| The Houston Chronicle reported last Friday that Rick Perry's office is refusing to release notes relating to the last-minute request for a stay of Cameron Todd Willingham's execution. Lise Olsen reports:
Just 88 minutes before the February 2004 execution of Cameron Todd Willingham, Gov. Rick Perry's office received by fax a crucial arson expert's opinion that later ignited a political firestorm over whether Texas, on Perry's watch, used botched forensic evidence to send a man to his death. ...
On Feb. 17, the day of the execution, Perry's office got the five-page faxed report at 4:52 p.m., according to documents the Houston Chronicle obtained in response to a public records request.
But it's unclear from the records whether he read it that day. Perry's office has declined to release any of his or his staff's comments or analysis of the reprieve request.
At the core, here is the issue: either Rick Perry didn't know, or didn't care, that the forensic evidence used to momentarily execute a man could be fatally flawed. Either way, he didn't care if--under his watch--the State of Texas put an innocent man to death. Let's examine either scenario in more depth.
- Rick Perry Didn't Know: If he didn't read the report, he was derelict in his duty as governor. The Houston Chronicle article makes it clear that three days before the scheduled execution, Willingham's lawyer asked Perry for a delay, citing a new report questioning the validity of the evidence use to convict him. That report was received by the governor's office less than two hours before Willingham was scheduled to die. If he never read his report and his office didn't do its job, then this entire cover-up is aimed at keeping this latest failure a secret from the people of Texas.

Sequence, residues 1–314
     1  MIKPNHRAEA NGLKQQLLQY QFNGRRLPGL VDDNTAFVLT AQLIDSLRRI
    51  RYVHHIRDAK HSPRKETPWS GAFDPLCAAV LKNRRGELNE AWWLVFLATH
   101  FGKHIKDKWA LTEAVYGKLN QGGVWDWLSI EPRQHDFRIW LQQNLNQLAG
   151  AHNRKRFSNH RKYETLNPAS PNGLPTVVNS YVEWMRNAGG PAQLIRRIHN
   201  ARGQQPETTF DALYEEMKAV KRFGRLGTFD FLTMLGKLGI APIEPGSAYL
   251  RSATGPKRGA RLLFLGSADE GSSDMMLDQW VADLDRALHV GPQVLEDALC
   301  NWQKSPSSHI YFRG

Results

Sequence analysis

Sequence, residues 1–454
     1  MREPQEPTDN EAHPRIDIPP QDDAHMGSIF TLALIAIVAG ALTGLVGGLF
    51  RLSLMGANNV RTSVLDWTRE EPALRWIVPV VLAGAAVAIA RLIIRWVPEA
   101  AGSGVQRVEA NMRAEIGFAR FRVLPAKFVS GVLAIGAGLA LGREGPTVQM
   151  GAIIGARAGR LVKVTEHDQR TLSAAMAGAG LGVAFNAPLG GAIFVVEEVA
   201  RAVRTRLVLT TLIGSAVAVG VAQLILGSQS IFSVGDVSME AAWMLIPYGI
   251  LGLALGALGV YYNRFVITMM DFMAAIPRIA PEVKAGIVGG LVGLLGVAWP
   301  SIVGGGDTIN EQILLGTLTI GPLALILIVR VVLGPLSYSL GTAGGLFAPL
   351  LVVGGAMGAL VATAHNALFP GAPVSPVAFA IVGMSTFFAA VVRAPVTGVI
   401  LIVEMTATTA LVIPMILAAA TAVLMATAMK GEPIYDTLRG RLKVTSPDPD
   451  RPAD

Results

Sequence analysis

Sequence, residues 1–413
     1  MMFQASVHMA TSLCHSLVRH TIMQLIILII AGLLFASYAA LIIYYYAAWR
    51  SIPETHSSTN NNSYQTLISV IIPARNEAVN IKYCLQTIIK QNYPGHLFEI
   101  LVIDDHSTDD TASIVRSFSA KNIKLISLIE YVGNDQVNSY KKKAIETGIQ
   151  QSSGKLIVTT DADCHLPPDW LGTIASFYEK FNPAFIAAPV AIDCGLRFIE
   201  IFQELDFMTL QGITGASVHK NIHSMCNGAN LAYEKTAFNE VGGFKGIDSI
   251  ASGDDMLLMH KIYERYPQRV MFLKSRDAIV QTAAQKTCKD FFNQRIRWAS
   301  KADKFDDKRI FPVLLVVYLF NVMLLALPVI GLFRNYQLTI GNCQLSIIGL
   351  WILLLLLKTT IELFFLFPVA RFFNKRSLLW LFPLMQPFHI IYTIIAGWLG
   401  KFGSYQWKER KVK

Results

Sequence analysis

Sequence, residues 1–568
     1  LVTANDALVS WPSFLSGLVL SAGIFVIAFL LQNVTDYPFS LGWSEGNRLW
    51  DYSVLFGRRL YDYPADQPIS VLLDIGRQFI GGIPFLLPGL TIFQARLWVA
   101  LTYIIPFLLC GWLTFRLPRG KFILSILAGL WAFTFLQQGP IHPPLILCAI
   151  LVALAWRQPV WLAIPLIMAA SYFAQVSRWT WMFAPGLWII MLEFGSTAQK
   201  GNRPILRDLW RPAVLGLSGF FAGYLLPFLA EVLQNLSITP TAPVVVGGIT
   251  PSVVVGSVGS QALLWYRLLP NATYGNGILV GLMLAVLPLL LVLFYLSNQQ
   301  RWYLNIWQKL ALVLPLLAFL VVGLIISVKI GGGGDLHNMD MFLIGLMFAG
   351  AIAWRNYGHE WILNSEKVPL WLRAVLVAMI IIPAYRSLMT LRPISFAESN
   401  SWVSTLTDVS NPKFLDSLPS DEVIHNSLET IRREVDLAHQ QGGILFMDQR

- Rick Perry Didn't Care: If he did read the report, if he did see that forensic experts found the evidence to be fatally flawed, he didn't care enough to hold off for further review. Perhaps, in Rick Perry's mind, the man had already been found guilty enough times that no new evidence could ever call such certainty into doubt. Perhaps this is more scary than Perry simply falling down on doing his job. After all, Perry can always just kill someone later if they're really guilty. But he can't undo it if it turns out they're not guilty.
Whether or not individuals support the death penalty, we can all agree that the State of Texas should not be in the business of putting innocent individuals to death for crimes they did not commit. In this instance, should Willingham be exonerated, he was executed for a crime no one committed--an accidental arson that had no perpetrator, only victims. Thanks to Rick Perry, though, the State of Texas may now be guilty of the most heinous of crimes.
For more on this, make sure to read community member Scott Cobb's excellent diary, Is Rick Perry Hiding Smoking Gun Information in Todd Willingham Cover-Up? Scott has been a tireless anti-death penalty activist and we're lucky to have his expertise here on BOR.
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